is a storyboard?
a concept or script is written for a film or animation, the next step
is to make a storyboard. A storyboard
visually tells the story of an animation panel by panel, kind of like
a comic book.
storyboard will should convey some of the following information:
- What charaters
are in the frame, and how are they moving?
- What are the characters
saying to each other, if anything?
- How much time has
passed between the last frame of the storyboard and the current one?
- Where the "camera"
is in the scene? Close or far away? Is the camera moving?
make a storyboard?
a storyboard will help you plan your animation out shot by shot. You can
make changes to your storyboard before you start animating, instead of
changing your mind later. You will also be able to talk about your animation
and show your storyboard to other people to get feedback on your ideas.
do I make a storyboard?
commonly, storyboards are drawn in pen or pencil. If you don't like to
draw you can also take photos, cut out pictures from magazines, or use
a computer to make your storyboards. Keep in mind that your drawings don't
have to be fancy! In fact, you want to spend just a few minutes drawing
each frame. Use basic shapes, stick figures, and simple backgrounds. If
you draw your storyboard frames on index cards, you can rearrange them
to move parts of the the story around.
SHOT: A close range of distance between the camera and the
DISSOVLE: A transition between two shots, where one shot fades away and
simultaneously another shot fades in.
FADE - A transition from a shot to black where the image gradually becomes
darker is a Fade Out; or from black where the image gradually becomes
brighter is a Fade In.
HIGH CAMERA ANGLE: A camera angle which looks down on its subject
making it look small, weak or unimportant.
JUMP CUT: A rapid, jerky transition from one frame to the next, either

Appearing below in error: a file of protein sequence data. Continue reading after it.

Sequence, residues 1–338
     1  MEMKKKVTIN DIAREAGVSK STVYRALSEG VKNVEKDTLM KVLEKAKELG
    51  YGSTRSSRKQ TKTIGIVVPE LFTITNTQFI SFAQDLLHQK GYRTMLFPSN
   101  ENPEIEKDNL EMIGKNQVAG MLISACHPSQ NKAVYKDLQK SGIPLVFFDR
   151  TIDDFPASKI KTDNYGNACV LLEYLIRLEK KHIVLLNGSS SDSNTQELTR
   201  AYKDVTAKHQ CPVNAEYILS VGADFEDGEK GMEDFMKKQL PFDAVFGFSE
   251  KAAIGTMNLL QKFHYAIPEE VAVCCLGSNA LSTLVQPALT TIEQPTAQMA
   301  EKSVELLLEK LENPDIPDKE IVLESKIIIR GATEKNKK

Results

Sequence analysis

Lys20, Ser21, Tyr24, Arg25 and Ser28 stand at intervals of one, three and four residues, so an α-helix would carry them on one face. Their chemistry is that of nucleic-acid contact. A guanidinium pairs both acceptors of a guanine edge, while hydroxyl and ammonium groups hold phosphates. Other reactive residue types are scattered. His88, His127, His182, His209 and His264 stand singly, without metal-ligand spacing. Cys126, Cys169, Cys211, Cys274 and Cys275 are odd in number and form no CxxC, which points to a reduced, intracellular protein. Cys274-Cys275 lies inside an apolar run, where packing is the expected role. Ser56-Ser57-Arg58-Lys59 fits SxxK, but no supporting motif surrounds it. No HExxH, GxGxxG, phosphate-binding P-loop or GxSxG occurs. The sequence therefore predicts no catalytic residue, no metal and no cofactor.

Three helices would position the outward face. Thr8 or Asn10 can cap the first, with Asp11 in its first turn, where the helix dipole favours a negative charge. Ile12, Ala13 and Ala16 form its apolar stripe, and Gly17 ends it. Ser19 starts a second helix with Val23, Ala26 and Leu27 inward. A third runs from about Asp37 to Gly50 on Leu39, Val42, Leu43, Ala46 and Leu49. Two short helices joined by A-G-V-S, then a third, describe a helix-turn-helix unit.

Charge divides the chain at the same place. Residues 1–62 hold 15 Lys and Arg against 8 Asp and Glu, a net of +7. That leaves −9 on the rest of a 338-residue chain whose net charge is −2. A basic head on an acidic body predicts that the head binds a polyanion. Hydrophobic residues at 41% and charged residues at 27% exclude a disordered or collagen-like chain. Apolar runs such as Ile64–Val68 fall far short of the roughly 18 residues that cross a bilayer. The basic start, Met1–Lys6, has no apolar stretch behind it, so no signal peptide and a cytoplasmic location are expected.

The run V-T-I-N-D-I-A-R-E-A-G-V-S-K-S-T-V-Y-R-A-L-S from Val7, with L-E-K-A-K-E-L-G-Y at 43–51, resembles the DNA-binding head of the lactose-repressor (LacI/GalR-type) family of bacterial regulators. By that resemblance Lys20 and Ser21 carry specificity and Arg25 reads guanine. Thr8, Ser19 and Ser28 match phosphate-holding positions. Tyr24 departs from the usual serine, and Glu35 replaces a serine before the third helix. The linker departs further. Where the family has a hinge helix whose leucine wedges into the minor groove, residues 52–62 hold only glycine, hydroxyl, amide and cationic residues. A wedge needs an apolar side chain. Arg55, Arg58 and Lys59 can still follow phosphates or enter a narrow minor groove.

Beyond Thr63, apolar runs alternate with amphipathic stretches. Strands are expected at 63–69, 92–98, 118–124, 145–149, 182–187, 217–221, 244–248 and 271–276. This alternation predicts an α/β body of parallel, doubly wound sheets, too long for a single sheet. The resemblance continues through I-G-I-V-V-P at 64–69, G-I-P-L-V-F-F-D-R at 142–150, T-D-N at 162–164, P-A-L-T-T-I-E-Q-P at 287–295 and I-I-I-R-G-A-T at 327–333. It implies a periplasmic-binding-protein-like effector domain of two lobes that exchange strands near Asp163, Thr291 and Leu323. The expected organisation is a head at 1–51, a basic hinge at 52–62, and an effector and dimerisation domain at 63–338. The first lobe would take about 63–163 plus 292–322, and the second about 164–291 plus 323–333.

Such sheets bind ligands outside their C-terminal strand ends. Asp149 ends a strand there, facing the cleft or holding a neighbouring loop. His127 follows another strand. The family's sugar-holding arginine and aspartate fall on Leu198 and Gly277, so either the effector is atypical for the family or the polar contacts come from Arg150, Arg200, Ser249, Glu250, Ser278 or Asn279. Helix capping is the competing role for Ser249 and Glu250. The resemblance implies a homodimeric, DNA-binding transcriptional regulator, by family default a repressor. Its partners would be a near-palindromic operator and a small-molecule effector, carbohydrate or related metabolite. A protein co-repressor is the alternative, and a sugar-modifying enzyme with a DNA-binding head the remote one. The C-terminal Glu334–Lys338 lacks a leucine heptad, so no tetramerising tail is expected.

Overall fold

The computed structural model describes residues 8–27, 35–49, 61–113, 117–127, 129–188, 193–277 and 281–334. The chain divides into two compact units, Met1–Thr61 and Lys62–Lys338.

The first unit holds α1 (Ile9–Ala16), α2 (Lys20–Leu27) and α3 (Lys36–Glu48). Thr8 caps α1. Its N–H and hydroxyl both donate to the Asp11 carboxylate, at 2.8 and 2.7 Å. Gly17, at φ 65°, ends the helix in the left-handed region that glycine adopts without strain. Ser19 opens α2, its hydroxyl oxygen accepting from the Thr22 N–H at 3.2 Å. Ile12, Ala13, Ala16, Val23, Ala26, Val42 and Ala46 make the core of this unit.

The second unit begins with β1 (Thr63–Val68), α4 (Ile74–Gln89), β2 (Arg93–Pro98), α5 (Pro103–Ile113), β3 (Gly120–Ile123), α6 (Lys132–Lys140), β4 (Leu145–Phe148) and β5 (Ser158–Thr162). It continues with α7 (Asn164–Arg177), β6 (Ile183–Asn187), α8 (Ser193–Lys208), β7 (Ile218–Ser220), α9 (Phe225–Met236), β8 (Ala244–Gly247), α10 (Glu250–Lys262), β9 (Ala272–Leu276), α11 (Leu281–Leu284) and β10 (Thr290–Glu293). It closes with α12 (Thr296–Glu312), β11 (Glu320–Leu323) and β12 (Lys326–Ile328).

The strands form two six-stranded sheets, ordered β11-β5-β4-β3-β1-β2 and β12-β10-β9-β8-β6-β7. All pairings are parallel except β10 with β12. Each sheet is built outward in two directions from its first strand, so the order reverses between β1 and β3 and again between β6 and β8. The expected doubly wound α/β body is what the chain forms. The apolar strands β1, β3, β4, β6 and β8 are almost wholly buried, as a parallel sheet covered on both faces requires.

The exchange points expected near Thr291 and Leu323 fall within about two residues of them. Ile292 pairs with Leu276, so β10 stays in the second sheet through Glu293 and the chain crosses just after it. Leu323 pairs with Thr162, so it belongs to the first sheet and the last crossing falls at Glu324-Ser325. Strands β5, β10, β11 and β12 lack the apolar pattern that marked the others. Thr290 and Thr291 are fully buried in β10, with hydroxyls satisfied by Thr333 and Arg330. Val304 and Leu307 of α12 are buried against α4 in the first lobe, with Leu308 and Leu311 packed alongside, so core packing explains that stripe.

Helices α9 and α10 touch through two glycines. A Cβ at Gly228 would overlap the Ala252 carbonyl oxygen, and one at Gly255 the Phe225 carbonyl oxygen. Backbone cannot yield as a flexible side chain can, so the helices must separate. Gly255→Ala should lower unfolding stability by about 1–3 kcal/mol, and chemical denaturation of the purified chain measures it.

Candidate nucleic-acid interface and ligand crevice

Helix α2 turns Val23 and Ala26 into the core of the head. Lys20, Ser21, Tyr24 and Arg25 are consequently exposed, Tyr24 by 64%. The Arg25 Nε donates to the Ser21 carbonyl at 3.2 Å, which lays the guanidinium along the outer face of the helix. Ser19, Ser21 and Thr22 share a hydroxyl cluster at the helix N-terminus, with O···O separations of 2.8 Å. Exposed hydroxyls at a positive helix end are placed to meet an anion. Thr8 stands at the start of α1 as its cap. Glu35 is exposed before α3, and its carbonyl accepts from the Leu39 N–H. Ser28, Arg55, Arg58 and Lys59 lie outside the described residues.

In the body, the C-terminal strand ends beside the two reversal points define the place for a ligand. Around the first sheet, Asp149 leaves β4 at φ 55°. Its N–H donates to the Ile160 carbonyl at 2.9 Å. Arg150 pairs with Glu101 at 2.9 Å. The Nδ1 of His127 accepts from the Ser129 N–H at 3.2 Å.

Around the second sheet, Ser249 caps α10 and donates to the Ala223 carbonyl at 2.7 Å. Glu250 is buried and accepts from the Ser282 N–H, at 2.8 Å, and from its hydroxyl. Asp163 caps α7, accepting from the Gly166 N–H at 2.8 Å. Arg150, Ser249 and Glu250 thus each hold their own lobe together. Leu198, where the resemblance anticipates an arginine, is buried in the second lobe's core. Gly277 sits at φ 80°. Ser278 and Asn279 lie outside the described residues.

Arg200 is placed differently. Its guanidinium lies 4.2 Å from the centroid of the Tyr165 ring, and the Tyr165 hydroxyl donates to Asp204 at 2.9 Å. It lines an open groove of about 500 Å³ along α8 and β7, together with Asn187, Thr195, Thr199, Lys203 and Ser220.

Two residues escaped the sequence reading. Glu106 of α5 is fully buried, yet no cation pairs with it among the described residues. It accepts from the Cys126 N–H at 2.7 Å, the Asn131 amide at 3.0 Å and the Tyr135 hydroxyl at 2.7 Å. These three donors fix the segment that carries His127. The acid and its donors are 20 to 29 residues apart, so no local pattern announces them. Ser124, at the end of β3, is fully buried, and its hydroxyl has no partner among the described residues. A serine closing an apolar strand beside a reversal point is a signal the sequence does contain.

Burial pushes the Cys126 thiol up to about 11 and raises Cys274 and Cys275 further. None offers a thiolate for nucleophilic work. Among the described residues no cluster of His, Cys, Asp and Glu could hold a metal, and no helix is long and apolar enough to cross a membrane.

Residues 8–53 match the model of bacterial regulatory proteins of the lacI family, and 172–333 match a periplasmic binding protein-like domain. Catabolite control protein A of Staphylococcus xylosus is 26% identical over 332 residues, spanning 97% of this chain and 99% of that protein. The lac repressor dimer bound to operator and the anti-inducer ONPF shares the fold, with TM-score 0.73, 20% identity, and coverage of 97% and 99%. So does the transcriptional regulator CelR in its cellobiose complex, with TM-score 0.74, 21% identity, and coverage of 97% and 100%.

disrupting the flow of time or movement within a scene or making an abrupt
transition from one scene to another.
LEVEL CAMERA ANGLE: A camera angle which is even with the subject;
it may be used as a neutral shot.
LONG SHOT: A long range of distance between the camera and
the subject, often providing a broader range of the setting.
LOW CAMERA ANGLE: A camera angle which looks up at its subject;
it makes the subject seem important and powerful.
PAN: A steady, sweeping movement from one point in a scene
POV (point of view shot): A shot which is understood to be seen from the
point of view of a character within the scene.
REACTION SHOT- 1.: A shot of someone looking off screen. 2.: A reaction
shot can also be a shot of someone in a conversation where they are not
given a line of dialogue but are just listening to the other person speak.
TILT: Using a camera on a tripod, the camera moves up or down
to follow the action.
ZOOM: Use of the camera lens to move closely towards the subject.
the Jane Animation Project - Hunting Sequence
simple storyboard made using stick figures
storyboard for a TV Western
With A Pencil
- Storyboards from Hollywood movies